Saturday, November 17, 2012
Hypatia (pronounced "hih-PAY-shah" or sometimes "HIH-peh-shah") is derived from the Greek hypatos and it means "highest" or "supreme." Hypatia of Alexandria is the most famous Pagan "martyr." Generally, Neo-Pagans have a real distaste for the idea of the "martyr," but we use it for her for lack of a better term.
Hypatia is considered to be the first female mathematician and was also a philosopher. She was the daughter of mathematician Theon Alexandricus, and he gave her a good education. She was also known for being very beautiful. She studied in Athens and Italy and soon became a teacher of philosophy and astronomy in Alexandria, Egypt. She accepted anyone as a student whether they be Pagan, Christian, of foreign. Keep in mind, this was during the 300s, when tensions between the dominant Pagan civilization and the growing Christian community were at it's peak. Many Christians were hostile against her, because she was a Pagan woman who taught science. But lots of Christians admired her as well. Hypatia never married or had children, so she was seen as virtuous.
Hypatia became a point of contention because Orestes, the governor of Alexandria, often sought her advice. This made her a target by people who were unhappy with some of the decisions Orestes made. There's more to the story, but that is essentially what it came down to. One night, a group of Christian thugs kidnapped her on her way home from work. They took her to a church where they tortured her, killed her, and mutilated her body. Her murder effectively marked the downfall of Ancient Pagan civilization, even though it did limp along for quite a few centuries after that.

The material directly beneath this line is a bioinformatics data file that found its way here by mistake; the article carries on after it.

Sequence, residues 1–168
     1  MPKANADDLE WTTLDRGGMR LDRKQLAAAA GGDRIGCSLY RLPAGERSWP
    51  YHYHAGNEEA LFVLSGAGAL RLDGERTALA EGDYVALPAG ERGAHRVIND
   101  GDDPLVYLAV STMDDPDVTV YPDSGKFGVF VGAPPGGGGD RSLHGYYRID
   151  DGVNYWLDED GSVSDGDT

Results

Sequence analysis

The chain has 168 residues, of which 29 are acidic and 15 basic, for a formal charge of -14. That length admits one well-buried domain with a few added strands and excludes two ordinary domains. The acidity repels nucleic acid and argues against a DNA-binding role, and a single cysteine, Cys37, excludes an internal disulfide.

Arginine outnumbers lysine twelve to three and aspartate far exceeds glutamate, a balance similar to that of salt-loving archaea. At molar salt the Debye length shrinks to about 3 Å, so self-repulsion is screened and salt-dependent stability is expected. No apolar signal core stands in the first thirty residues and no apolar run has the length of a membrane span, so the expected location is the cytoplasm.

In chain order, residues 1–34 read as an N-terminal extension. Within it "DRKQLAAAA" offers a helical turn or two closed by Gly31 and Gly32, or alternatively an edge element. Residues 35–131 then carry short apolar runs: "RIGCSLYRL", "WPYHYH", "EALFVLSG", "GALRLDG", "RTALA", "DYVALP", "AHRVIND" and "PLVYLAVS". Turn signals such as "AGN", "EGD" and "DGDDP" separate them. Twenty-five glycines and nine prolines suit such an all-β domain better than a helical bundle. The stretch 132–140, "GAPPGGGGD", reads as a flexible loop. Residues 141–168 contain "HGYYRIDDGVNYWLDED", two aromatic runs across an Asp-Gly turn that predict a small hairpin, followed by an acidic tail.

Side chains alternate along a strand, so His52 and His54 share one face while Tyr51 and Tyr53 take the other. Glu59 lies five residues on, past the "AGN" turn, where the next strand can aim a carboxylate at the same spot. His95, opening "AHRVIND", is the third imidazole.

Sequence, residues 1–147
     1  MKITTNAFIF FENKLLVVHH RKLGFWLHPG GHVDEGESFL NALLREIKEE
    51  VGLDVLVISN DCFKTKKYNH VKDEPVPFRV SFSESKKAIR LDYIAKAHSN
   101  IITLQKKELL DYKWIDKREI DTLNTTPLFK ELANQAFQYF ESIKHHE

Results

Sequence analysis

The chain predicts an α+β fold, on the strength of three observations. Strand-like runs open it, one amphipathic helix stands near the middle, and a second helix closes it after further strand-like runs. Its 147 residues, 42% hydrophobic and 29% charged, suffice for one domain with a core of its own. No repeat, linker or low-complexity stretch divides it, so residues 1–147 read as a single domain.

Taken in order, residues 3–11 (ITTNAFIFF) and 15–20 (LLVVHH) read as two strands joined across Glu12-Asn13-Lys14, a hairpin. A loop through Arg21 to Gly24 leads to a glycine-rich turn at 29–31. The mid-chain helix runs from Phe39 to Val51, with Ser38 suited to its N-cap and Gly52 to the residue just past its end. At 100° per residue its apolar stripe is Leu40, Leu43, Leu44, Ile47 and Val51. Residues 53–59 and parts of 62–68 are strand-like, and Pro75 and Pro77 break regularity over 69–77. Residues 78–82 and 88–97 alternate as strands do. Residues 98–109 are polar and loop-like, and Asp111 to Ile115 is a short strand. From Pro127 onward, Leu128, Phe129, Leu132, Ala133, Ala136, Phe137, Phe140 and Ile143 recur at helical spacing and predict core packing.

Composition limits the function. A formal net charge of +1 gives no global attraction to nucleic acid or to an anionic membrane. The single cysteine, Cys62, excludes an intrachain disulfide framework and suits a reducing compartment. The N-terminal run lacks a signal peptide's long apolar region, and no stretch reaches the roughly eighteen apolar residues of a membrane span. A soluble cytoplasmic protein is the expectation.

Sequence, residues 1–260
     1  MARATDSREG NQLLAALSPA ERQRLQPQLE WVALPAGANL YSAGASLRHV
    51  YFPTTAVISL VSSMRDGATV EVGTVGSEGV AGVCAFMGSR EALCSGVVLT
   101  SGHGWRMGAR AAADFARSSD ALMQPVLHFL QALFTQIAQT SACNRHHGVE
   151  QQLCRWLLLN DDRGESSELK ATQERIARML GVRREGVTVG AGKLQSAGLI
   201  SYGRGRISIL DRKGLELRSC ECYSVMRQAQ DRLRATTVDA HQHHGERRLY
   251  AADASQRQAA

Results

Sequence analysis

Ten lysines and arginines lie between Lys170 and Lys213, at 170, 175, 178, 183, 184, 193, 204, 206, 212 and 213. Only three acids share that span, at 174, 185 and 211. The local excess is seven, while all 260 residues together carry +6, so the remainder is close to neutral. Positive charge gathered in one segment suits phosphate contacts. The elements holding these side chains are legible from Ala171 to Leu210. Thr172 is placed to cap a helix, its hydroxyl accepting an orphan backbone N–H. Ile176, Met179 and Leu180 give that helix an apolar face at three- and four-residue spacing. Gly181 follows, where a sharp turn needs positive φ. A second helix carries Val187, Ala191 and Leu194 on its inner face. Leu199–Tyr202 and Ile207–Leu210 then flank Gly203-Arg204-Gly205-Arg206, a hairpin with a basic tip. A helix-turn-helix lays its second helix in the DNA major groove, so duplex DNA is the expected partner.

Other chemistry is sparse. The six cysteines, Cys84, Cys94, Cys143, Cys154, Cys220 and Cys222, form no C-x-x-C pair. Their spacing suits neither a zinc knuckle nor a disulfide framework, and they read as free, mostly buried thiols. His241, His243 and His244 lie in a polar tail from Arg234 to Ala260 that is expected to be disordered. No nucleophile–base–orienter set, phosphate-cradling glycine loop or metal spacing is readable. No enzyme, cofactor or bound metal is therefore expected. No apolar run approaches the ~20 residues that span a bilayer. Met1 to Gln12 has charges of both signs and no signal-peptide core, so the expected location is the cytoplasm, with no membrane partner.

Hypatia's memory lives on. Many scientific discoveries are named after her in honor of her accomplishments. Hypatia was portrayed by Rachel Weisz in the film Agora, which is considered by some to be the Pagan Gone with the Wind. Hypatia Day is on March 15th, which is a day of remembrance observed by many Neo-Pagans.
Hypatia has never been a common name in the United States. At first I wasn't overly fond of the sound, but I'm liking it the more I hear it. It fits in well with other unique names like Titania and Olympia. And with the wonderful woman attached to it, I'm sure that someone will claim the name at some point.
Found via http://pinterest.com
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